Through april 30, the san Francisco Museum of Modern Art presents an exhibition featuring the first seven years of Diane Arbus’s career as a photographer of subjects that confront our sense of normalcy. Her black-and-white portraits of New Yorkers feature individuals and their eccentricities, often with a sense of unease and alienation.
Arbus, a lifelong New Yorker, worked in Times Square, the Lower East Side, and Coney Island, where she focused her aim at the people who contributed to her powerful signature style. Street performers, unusual beauties, disheveled children, and stern-faced adults are all treated with a kind of objectivity that makes her photographs believable. Each image seems to tell a story that the viewer invents during the dreamlike process of taking in Arbus’s surreal cast of characters. We, the viewers, learn more about ourselves and our assumptions in the process.
This early period, from 1956 to 1962, represents nearly half of the photographs that Arbus printed in her lifetime. Having abandoned commercial photography, (Arbus and her husband, Allan, had contributed fashion photography to magazines like Vogue and Harper’s Bazaar), Arbus and her portraits were seen as a part of a new movement of documentary photographers, which included other New York photographers such as Garry Winogrand.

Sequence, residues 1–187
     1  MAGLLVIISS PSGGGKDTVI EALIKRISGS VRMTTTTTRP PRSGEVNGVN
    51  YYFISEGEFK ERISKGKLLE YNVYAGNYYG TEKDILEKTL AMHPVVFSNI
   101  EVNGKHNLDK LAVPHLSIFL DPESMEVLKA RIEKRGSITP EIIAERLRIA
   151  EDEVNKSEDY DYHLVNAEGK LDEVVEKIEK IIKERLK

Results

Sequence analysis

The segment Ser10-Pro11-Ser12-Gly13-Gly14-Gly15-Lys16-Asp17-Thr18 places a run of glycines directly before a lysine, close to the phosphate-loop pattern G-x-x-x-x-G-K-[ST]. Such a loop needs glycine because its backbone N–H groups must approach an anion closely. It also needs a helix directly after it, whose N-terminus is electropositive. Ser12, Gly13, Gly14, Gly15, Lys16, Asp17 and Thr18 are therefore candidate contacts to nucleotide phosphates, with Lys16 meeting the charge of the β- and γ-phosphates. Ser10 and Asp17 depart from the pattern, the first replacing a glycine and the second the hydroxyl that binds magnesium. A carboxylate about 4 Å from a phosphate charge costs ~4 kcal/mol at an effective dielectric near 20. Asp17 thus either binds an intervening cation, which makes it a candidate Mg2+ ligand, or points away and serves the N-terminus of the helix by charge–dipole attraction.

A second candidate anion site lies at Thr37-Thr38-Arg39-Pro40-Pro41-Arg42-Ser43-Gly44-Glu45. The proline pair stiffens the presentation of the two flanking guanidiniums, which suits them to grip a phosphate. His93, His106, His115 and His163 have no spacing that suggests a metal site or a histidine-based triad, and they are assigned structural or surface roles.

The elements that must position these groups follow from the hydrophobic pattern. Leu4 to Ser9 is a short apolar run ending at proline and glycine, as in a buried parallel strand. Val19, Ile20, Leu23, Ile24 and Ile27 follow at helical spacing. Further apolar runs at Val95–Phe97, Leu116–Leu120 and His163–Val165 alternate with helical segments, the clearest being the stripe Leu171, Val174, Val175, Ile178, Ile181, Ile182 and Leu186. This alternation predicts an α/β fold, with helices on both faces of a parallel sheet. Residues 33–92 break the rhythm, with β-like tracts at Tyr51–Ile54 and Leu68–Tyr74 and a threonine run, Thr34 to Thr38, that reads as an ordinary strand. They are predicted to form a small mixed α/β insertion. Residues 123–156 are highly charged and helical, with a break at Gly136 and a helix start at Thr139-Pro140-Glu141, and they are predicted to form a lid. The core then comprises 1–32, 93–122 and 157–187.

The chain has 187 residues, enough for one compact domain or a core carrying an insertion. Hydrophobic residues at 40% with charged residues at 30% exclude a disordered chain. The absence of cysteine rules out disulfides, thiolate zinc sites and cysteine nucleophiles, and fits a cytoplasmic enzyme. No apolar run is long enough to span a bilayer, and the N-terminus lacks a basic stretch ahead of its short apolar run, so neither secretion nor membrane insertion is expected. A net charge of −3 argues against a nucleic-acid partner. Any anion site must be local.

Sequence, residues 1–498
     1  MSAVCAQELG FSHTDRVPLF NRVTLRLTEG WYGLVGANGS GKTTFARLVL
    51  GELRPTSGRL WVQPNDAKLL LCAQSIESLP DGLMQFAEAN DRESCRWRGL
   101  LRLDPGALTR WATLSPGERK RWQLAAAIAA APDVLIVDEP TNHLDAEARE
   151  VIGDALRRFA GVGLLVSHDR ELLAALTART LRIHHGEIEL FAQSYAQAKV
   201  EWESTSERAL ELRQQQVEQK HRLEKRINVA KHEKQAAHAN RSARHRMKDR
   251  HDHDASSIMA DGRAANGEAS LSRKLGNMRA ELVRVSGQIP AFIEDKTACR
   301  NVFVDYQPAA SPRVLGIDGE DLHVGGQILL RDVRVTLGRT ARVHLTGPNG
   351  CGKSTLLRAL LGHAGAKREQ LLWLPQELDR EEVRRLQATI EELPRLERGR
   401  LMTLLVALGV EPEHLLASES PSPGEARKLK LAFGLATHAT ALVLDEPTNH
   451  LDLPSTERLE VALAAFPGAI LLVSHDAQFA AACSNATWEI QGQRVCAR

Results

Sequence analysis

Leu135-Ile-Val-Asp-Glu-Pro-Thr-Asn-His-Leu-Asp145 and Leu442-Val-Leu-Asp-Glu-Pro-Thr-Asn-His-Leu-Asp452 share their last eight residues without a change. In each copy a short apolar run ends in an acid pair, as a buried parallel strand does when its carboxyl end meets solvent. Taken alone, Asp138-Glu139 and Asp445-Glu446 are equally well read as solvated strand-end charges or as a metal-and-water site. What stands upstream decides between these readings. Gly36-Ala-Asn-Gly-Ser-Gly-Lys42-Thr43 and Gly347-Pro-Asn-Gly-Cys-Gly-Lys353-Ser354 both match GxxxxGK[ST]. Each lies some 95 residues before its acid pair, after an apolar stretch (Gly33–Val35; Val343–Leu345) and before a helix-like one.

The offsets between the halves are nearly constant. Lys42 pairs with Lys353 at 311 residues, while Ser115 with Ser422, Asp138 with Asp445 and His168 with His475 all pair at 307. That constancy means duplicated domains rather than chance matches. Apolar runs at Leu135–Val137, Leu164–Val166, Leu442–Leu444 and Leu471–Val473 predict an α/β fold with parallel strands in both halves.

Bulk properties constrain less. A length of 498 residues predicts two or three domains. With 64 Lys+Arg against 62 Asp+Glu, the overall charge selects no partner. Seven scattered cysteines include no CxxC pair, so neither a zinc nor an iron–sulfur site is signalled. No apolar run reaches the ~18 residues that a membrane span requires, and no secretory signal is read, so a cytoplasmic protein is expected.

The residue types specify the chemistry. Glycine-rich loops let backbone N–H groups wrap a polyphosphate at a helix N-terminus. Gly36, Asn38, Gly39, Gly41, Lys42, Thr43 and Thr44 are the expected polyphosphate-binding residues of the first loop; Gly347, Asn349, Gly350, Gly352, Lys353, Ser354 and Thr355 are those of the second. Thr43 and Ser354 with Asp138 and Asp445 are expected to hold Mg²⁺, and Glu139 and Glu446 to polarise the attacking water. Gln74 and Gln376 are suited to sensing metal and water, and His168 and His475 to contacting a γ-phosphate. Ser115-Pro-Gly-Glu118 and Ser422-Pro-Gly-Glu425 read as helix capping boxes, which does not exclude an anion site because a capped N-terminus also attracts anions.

SFMOMA has an ongoing dedication to the artist reaching back to the groundbreaking exhibition Diane Arbus Revelations in 2003–04. Corey Keller, curator of photography at SFMOMA, says, “Arbus made some of the most potent photographs of the 20th century, and this exhibition provides a unique opportunity to consider the origins of her vision and to explore a tremendously rich but largely unfamiliar body of early work.” This exhibition includes some lesser known early works including Lady on a bus, N.Y.C. 1957, Boy stepping off the curb, N.Y.C. 1957-58 and The Backwards Man in his hotel room, N.Y.C. 1961.
The exhibition will be on view at the museum’s new Pritzker Center for Photography. SFMOMA has been collecting and exhibiting photography since its founding in 1935, one of the first to acknowledge photography as a museum-worthy art form. Most of the photographs included in the exhibition are part of the Metropolitan Museum of Art’s vast Diane Arbus archive, a gift from the artist’s daughters. An additional gallery is devoted to artists Arbus admired along with her contemporaries in New York such as Walker Evans, Winogrand, Weegee, and Lee Friedlander.
Diane Arbus: In the Beginning: Fri.–Tue. 10 a.m.–5 p.m. (Thursday until 9 p.m.) through April. 30; $25; Pritzker Center for Photography, SFMOMA, 151 Third Street; 415-357-4000, sfmoma.org